Basically you can’t get close to a narcissist. A relationship with a narcissist will be a problem, and the more narcissistic they are the more it becomes impossible.
Sex addicts and addicts generally are often described as narcissistic, but many non-addicts are narcissists as well. Trying to have a relationship with a true narcissist can be an extremely tortuous and confusing experience.
The continuum of narcissism
Many psychological disorders are now being talked about as existing on a “spectrum”, that is they are not like other diseases where either you have them or you don’t. With spectrum disorders the set of symptoms can range from very mild to very severe.
As I have discussed previously, narcissists at the mild end may be labeled as having narcissistic personality traits such as self centeredness and vanity; those labeled as having narcissistic personality disorder will be mostly oblivious of the needs of others and will focus on maintaining a false and grandiose sense of a self. At the outer most extreme the narcissist becomes akin to a sociopath, feeling so over-entitled and so lacking in conscience or empathy that they are opportunists and even criminals.
Many sex addicts and other kinds of addicts have what is called a narcissistic defense system, that is they have a façade of self importance which merely covers a deep seated lack of self worth.
What to expect with a narcissist
Narcissists are cut off from others by their underlying insecurity but they nevertheless can become expert at manipulating people in order to draw them in. They can be habitually seductive as a way of finding validation and power in relating to people generally. They are fundamentally impossible to connect with in the following ways.
- The narcissist needs you to be focused on him.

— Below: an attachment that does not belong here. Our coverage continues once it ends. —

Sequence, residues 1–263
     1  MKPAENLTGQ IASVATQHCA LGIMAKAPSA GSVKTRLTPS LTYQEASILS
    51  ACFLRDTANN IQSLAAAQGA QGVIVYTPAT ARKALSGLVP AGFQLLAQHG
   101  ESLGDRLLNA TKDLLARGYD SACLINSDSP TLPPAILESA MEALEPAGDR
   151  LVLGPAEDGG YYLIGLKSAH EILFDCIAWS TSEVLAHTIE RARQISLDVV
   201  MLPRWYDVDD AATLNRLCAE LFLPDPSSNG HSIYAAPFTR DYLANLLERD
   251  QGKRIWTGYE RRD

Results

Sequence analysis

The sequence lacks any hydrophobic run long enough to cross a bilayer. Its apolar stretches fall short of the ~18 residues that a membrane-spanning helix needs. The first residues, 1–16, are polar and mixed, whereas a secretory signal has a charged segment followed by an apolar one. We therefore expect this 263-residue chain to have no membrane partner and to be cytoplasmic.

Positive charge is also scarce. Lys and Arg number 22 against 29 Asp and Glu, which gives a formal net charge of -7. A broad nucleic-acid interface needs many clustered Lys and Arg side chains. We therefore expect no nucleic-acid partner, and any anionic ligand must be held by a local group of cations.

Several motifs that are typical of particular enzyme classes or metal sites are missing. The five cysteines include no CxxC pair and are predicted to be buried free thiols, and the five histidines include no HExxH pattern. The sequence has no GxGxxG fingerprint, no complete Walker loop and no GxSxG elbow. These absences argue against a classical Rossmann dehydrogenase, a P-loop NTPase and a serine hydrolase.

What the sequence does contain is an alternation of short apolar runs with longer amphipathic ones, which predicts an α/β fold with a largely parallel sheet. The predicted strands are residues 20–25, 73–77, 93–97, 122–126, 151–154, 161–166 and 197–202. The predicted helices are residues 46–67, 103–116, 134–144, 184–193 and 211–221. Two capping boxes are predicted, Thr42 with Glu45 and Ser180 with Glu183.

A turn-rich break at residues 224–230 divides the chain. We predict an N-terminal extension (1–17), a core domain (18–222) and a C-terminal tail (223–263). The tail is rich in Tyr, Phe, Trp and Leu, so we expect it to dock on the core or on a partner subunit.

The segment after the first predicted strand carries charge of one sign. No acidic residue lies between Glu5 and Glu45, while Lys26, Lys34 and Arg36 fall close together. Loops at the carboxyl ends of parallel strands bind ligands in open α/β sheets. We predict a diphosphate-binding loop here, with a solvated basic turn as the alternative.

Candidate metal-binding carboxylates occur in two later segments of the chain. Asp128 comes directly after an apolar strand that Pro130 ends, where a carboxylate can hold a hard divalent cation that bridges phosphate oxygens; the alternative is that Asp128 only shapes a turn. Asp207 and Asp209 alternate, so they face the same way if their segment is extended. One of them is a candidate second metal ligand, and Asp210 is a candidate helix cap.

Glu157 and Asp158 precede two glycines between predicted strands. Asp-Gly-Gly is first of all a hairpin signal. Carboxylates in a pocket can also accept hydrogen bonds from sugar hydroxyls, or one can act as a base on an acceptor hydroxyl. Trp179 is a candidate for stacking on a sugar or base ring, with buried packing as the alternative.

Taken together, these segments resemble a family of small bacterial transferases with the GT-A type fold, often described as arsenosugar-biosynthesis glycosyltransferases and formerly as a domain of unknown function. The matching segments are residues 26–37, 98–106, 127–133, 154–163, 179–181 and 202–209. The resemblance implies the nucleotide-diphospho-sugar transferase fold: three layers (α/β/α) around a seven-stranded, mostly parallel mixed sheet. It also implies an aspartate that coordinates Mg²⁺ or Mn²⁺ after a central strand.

He or she may initially show great interest and appreciation for you. This is gratifying but is skin deep. It is done to get you to focus on them. They may give lavish praise and compare you favorably to others; in this way they manipulate you into trying to keep their good opinion thus becoming more and more focused on what they think about you (and everything else.) And you become unconsciously afraid to displease the narcissist or incur his disapproval.
- The narcissist needs to see anyone they are close to as special.
The idea here is that the narcissist needs to feel he is wonderful and that he wouldn’t be seen associating with anyone who wasn’t wonderful too. He sees you as a reflection of his own specialness. This does not really say anything about how he really feels about you, what is important to the narcissist is how you make him look to others and to himself.
- The narcissist will be controlling and demanding.
You may feel constantly thrown off from what you were doing or thinking about because the narcissist will come at you with their needs and wants. Narcissists will have their own agenda most of the time. They will use their judgmental attitude, their scrutiny of you and their strong opinions to enforce that agenda.
If you have already become involved you may be sacrificing yourself in a million little ways and even feeling that your life has been taken over. This is a far cry from a real relationship in which the partners’ lives together involve mutual decision making and genuine listening.
- Narcissists will be volatile when they are challenged.
Since their façade of superiority is just a façade, the narcissist will be cut to the quick if they feel criticized in any way. Their first line of defense will be to discount and devalue whatever or whoever has pricked their bubble. But they will be deeply affected and may harbor rage or resentments. This makes it impossible to express your true feelings or needs and to have them be heard.
- Narcissists will bail out when you stop feeding their narcissism.
You may be unable to shake the feeling that the relationship is tenuous because it is. It is possible to puncture a narcissist’s false self very easily. And since your worth to him or her lies in your ability to reinforce their self image, you can become a hindrance if and when you stop mirroring their perfection.
Someone who has milder narcissistic traits is probably using their grandiosity as a defense, as is the case with most sex addicts in treatment. In recovery they can gain a stronger sense of self worth and let go of the narcissistic defense system. With treatment, these people may be more able to connect to their insecurities and you may find that they both want and have a genuine capacity for a healthy relationship.